Economics, Energy and the Environment

Now that It’s Open Season on Big Oil, Here Are Some Facts

Oil company executives from the five largest oil companies appeared before the Senate Finance Committee to: a) get grilled about the generous “taxpayer subsidies” they allegedly receive, b) justify their recent “windfall profits” and c) explain their role in higher oil and gas prices. Leading up to today’s hearings were the first quarter reports on profits for the oil companies, with ExxonMobil receiving special attention for its $10.65 billion in profits during the first three months of 2011. Here are some facts about earnings for the oil industry and ExxonMobil to provide some balance to this year’s “open season” on oil companies.

1. In the most recent quarter, the “Major Integrated Oil and Gas” industry earned an average profit of only 6.2 cents on every dollar of revenue. In comparison to the several hundred other industries in the United States, the profit margin of the oil industry ranks No. 114 out of 215 industries, placing Big Oil right in the middle of profitability for private industries. If Obama and Congress want to target “excessive” corporate profits, there are hundreds of other industries that are much more profitable than the oil and gas industry. For example, the surge in commodity prices has resulted in “windfall profit” margins of 31 percent for the silver industry, 23 percent for the copper industry, and 19.8 percent for the gold industry.

2. Compared to the average manufacturing company in the United States, oil companies already face a much higher income tax burden as a share of before-tax earnings. In 2010, the total income taxes paid by oil and gas companies averaged 41.1 percent of their pre-tax earnings, compared to only 26.5 percent for all of the other firms in the S&P Industrials.

Turning specifically to ExxonMobil, and noting that its huge profits typically receive much more attention than the large sums it spends on taxes and capital equipment:

3. In the first quarter, ExxonMobil earned $18.9 billion and paid $8 billion in income taxes to various governments, which is about $22 million in income taxes each day, and almost $1 million each hour. Exxon Mobil paid almost half of its first quarter earnings in income taxes, for a 42.3 percent effective tax rate. And yet, according to President Obama and some members of Congress, oil companies “aren’t paying their fair share of taxes,” and should be taxed more.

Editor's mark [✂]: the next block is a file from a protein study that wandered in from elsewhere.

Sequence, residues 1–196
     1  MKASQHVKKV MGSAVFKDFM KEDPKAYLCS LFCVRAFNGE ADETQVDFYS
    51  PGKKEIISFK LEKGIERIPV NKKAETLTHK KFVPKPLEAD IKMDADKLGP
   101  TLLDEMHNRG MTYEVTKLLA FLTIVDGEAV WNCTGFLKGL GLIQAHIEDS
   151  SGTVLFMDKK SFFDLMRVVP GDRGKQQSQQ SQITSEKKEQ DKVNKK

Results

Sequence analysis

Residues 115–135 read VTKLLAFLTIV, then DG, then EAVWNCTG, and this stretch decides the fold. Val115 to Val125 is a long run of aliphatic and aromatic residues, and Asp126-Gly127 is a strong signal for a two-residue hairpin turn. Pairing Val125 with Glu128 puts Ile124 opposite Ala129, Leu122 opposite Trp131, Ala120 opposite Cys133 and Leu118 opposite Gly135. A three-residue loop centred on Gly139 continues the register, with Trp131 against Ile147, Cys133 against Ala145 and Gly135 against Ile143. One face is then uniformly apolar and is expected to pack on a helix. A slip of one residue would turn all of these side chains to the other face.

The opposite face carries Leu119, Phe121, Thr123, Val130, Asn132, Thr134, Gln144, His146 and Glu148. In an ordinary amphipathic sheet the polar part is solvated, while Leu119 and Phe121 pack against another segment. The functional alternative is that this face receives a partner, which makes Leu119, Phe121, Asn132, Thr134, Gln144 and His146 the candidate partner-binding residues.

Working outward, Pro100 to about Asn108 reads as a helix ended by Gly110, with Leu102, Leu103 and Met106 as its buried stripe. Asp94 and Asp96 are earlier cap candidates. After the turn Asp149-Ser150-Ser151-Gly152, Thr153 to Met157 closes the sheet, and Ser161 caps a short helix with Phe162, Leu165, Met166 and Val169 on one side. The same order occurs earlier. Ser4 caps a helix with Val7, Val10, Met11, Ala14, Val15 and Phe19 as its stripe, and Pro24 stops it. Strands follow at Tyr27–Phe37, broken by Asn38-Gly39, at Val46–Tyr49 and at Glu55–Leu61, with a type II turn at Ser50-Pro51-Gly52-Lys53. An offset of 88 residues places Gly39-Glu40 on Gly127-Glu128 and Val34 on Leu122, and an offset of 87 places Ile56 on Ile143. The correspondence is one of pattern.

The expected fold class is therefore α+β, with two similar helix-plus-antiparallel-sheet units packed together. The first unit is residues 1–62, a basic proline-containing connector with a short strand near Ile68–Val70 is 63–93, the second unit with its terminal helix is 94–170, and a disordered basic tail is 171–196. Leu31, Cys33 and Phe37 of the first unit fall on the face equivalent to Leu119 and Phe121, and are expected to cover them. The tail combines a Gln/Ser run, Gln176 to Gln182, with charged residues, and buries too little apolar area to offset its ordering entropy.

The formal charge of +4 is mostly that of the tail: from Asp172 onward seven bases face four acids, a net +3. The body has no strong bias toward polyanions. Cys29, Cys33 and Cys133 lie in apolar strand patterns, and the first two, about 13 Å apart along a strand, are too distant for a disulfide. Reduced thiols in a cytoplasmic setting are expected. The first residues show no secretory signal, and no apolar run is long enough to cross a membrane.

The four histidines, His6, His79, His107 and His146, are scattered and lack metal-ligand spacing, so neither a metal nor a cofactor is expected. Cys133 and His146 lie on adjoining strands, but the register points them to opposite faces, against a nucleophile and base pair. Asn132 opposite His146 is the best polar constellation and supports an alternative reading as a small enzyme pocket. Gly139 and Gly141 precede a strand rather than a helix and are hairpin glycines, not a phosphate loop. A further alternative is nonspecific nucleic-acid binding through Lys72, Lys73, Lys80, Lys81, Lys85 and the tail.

4. Dwarfing ExxonMobil’s first quarter profits of $10.65 billion, are the total taxes paid or collected around the world by the company from January to March, which totaled $26.2 billion and included: a) $8 billion in income taxes, b) $7.9 billion in sales-based taxes, and c) $10.3 billion for all other taxes including property taxes, etc.

5. ExxonMobil spent $7.8 billion in the first quarter on capital equipment and exploration, or more than $21 million per day. Over the next five years, the oil giant will invest $175 billion in capital equipment and exploration—an amount equivalent to the entire gross product of Alabama in 2010—and will enable the company to continue to supply the U.S. economy with energy resources.

Bottom Line: What often gets overlooked by politicians in Washington is that real people, not corporations like ExxonMobil, ultimately pay all taxes. Higher taxes on oil companies will get passed on to actual people, and can only mean higher prices for consumers at the pump, lower wages and fewer jobs for employees, and/or lower dividends for shareholders. There might be a political payoff to raising taxes on oil companies, but it will be an economic disaster that will also make us more dependent on foreign oil.

5 thoughts on “Now that It’s Open Season on Big Oil, Here Are Some Facts

  1. Nice article, but I don’t do much purchasing of gold, silver, and copper. Maybe I would be more upset at those industries for their profits if my truck ran on either of those.